ST. LOUIS, Mo. - Congressman Todd Akin began a fight Wednesday against his toughest opponent yet -- and it's not Senator Claire McCaskill.
Pundits predict his greatest opposition will be convincing wary Missouri voters that he is the right candidate for the job.
All week, Akin said he has no plans to drop out of the race. It would now cost him some money to do so.
He has said in the past that his staunch conservative base is so dedicated they would support him during an earthquake.
Akin will see how true that is now that his once secure political world has crumbled like an earthquake around him.
Akin has apologized repeatedly about his "legitimate rape" comment during a Sunday in a St. Louis TV interview.
On Tuesday, the biggest heavy hitters in his Republican party joined together to tell him step down from the race and even stay away from next week's National Republican Convention.
But Akin's strongest supporters said he has allies.
Harold Hendrick, a conservative radio talk show host in St. Louis, said Akin is not alone."
Hendrick is one of 100 of Missouri's Christian leaders who stood beside Akin and pledged their support in the
"He apologized and we stand by him," he explained.
Akin stood firm during Wednesday's interviews that he is ready to fight for the seat many thought he'd once easily win.
"It's about the voters in the state of Missouri, they've chosen me because of the principals I stand on and putting principle over politics," he said. "I believe they will stand with me on a whole host of issues."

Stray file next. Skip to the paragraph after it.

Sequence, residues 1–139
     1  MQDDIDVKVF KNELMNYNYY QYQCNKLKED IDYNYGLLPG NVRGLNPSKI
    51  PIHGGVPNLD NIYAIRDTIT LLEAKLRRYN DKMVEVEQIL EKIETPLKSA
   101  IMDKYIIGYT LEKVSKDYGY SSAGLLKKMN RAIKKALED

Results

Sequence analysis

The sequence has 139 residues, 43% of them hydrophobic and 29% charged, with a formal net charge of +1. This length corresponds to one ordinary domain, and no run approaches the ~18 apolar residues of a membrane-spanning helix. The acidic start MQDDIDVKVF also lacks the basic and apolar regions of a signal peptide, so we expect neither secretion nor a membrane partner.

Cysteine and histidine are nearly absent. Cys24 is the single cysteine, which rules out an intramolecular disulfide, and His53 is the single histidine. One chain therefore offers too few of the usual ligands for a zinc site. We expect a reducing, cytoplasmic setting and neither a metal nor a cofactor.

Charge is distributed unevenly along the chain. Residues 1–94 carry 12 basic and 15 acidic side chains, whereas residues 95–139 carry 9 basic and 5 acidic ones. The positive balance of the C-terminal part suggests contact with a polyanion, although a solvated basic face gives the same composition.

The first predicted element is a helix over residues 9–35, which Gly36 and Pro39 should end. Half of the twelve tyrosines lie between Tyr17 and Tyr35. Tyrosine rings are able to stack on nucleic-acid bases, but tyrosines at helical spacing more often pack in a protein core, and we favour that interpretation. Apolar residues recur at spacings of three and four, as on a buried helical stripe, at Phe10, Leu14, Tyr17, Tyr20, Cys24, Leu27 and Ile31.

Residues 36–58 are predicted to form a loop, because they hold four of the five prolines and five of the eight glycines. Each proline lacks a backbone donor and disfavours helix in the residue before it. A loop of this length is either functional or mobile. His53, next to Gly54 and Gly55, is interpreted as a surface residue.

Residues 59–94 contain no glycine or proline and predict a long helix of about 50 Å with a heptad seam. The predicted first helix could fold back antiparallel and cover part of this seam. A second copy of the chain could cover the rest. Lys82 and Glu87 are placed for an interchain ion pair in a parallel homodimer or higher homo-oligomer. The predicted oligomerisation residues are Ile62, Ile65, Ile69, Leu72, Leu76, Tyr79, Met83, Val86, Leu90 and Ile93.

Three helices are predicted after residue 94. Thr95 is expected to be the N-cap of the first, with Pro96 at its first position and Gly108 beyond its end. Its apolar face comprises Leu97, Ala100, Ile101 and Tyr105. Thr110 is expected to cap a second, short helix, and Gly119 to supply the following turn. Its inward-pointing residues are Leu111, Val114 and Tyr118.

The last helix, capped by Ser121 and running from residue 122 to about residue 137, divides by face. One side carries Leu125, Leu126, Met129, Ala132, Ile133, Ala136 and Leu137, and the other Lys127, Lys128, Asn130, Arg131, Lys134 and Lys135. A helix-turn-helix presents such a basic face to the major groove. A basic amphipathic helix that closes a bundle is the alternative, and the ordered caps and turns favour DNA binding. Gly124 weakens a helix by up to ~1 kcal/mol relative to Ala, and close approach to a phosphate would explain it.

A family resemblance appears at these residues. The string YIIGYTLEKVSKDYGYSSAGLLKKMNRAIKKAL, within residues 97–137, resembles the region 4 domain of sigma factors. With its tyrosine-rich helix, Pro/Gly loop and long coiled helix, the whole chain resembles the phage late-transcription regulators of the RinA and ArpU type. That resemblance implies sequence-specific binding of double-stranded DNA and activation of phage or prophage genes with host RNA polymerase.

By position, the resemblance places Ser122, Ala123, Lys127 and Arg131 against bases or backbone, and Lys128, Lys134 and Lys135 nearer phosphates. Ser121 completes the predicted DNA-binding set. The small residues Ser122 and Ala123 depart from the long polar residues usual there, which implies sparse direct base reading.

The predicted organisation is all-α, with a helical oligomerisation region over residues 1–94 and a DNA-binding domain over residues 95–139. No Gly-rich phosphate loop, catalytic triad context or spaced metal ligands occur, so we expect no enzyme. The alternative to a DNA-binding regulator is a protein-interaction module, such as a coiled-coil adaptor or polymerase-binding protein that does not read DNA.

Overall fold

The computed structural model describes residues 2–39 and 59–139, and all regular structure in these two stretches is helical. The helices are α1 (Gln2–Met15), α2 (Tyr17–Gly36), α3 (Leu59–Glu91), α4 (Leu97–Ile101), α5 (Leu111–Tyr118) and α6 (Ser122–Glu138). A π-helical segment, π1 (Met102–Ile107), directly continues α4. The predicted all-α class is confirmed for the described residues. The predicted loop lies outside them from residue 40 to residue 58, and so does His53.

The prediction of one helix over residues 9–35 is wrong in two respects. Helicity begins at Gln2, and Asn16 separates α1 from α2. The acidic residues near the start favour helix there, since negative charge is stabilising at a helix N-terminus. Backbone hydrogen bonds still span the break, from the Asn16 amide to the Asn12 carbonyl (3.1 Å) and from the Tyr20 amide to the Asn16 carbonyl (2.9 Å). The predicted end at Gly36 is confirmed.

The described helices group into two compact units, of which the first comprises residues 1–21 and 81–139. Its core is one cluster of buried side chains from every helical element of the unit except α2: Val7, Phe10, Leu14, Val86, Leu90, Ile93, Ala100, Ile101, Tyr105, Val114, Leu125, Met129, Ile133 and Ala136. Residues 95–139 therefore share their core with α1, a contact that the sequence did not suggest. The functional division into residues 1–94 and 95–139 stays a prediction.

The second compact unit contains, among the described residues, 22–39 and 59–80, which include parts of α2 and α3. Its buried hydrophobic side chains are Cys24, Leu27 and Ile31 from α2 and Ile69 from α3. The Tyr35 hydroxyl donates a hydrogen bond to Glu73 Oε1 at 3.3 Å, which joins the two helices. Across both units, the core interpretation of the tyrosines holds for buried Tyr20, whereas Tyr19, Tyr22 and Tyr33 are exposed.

Hendricks said Akin is right.
"We're pained that one sentence fragment should possible destroy him. We think it's not fair," Hendricks said.
On the Today Show, Akin apologized for his controversial comments on rape.
"The people of my state didn't elect someone who was perfect. They knew I wasn't perfect but the idea of standing on principle and trying to do the right thing when you make a mistake you say you're sorry," he said.
Akin has hardly faced opposition in his conservative district in 12 years.
Hendrick, who has also interviewed Akin many times on his radio show, said a few missteps do not change the fact that Akin is still a principled, family man who would vote conservatively on the issues of jobs, economy and health care.
"He is a fine man who has six children, three grads from the US Naval Academy...one was 11th in his class," Hendrick said. "All three boys have been deployed to defend this country...that's the kind of heritage of Todd Akin."
Hendrick said the power of Akin's Missouri grassroots conservative base should not be underestimated.
"I think his changes are great. The way he's handled it, acknowledging he's frail. This could turn out to be (Akin's) finest hour," he explained.
But strategists say that Akin needs friends and donors who have money to win to make up for his deep-pocket supporters pulling their millions of dollars from Missouri in the last couple of days.
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